combination therapy; marrow stromal cells (MSCs); simvastatin; traumatic brain injury (TBI)
Erythropoietin (EPO) and its receptor (EPOR), essential for erythropoiesis, are expressed in the nervous system. Recombinant human EPO treatment promotes functional outcome after traumatic brain injury (TBI) and stroke, suggesting that the endogenous EPO/EPOR system plays an important role in neuroprotection and neurorestoration. This study was designed to investigate effects of the EPOR on histological and functional outcomes after TBI. Experimental TBI was induced in adult EPOR-null and wild-type mice by controlled cortical impact. Neurological function was assessed using the modified Morris Water Maze and footfault tests. Animals were sacrificed 35 days after injury and brain sections stained for immunohistochemistry. As compared to the wild-type injured mice, EPOR-null mice did not exhibit higher susceptibility to TBI as exemplified by tissue loss in the cortex, cell loss in the dentate gyrus, impaired spatial learning, angiogenesis and cell proliferation. We observed that less cortical neurogenesis occurred and that sensorimotor function (i.e., footfault) was more impaired in the EPOR-null mice after TBI. Co-accumulation of amyloid precursor protein (axonal injury marker) and calcium was observed in the ipsilateral thalamus in both EPOR-null and wild-type mice after TBI with more calcium deposits present in the wild-type mice. This study demonstrates for the first time that EPOR null in the nervous system aggravates sensorimotor deficits, impairs cortical neurogenesis and reduces thalamic calcium precipitation after TBI.
cell proliferation; erythropoietin receptor null; mouse; sensorimotor; spatial learning; traumatic brain injury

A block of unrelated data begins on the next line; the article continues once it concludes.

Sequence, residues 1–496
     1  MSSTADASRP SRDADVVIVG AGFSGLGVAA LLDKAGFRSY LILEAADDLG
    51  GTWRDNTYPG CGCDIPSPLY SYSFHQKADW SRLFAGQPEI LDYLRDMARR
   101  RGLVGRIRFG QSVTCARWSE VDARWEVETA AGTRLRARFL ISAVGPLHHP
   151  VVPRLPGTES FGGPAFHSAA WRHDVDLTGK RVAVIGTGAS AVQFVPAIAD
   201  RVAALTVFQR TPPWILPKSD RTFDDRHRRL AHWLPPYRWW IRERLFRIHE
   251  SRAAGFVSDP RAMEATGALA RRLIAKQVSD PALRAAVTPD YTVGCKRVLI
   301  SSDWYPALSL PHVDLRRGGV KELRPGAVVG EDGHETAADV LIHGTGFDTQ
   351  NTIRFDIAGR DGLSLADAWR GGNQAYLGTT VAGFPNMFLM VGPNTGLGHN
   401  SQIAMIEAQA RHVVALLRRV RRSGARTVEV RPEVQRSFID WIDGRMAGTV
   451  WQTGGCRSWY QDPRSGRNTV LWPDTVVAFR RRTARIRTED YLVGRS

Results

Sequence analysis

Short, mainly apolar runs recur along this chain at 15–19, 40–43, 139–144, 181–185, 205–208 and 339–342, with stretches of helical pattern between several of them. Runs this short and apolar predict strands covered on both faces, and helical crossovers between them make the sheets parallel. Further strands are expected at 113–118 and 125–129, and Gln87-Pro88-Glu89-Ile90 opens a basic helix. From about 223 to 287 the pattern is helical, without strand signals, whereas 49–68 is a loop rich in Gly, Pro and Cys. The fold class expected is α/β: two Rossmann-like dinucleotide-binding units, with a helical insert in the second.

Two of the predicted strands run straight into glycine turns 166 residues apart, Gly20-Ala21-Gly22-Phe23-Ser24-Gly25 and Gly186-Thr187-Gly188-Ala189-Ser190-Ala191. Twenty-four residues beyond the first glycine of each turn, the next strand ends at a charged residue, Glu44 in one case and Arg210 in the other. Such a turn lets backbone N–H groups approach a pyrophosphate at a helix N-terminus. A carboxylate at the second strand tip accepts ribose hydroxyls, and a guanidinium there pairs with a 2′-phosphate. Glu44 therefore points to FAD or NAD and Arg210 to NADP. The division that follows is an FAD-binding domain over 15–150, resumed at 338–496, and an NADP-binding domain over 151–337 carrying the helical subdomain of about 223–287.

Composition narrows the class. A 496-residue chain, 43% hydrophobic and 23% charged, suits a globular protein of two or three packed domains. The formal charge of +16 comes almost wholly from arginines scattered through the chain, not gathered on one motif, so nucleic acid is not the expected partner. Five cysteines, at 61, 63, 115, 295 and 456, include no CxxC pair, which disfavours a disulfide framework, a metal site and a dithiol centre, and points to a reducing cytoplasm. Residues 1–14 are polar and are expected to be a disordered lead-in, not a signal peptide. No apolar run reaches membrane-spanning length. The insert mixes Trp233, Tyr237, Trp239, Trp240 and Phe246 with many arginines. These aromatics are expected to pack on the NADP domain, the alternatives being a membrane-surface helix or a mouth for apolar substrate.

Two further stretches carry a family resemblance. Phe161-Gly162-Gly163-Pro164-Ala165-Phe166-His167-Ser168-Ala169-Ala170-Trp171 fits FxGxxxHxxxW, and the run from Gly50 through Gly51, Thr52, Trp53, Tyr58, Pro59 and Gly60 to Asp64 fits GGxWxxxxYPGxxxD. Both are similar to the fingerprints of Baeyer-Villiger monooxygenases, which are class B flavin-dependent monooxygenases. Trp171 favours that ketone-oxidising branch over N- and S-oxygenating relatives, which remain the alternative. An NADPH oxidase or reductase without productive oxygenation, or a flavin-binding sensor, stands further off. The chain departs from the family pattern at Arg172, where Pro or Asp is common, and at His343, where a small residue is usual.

The aim of this study was to investigate the role of gender in histological and functional outcome, angiogenesis, neurogenesis and therapeutic effects of recombinant human erythropoietin (rhEPO) in mice after traumatic brain injury (TBI). TBI caused both tissue loss in the cortex and cell loss in the dentate gyrus (DG) in the injured hemisphere at day 35 post TBI without a significant gender difference. After TBI, sensorimotor deficits were significantly larger in male mice compared to females, while similar spatial learning deficits were present in both genders. TBI alone significantly stimulated angiogenesis and neurogenesis in the cortex and in the DG of injured hemispheres in both genders. rhEPO at a dose of 5,000 Units/kg body weight administered intraperitoneally at 6 h, and 3 and 7 days after injury significantly reduced lesion volume and DG cell loss examined at day 35 after TBI as well as dramatically improved sensorimotor and spatial learning performance without an obvious gender proclivity. rhEPO significantly enhanced neurogenesis in the cortex and the DG of the ipsilateral hemisphere in male TBI mice. rhEPO did not affect angiogenesis in the ipsilateral cortex and DG in both genders after TBI. The present data demonstrate that posttraumatic administration of rhEPO improves histological and functional outcome in both genders, which may be mediated by reducing cortical tissue damage and DG cell loss in the ipsilateral hemisphere. In addition, the major gender propensity observed in the present study with mice after TBI without treatment is limited to sensorimotor deficits and cell proliferation.